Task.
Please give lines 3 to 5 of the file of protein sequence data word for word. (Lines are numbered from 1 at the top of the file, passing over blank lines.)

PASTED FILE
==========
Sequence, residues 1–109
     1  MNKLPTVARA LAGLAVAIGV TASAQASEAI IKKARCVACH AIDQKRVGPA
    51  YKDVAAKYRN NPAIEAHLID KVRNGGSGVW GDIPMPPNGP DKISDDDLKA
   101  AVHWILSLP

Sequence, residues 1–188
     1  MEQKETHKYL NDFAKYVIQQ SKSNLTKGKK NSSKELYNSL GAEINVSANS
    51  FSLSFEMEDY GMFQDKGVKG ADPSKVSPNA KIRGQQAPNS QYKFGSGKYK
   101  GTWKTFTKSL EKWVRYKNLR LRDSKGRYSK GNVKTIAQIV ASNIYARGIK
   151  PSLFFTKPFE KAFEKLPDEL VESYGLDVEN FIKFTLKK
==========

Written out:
    51  YKDVAAKYRN NPAIEAHLID KVRNGGSGVW GDIPMPPNGP DKISDDDLKA
   101  AVHWILSLP

Sequence, residues 1–188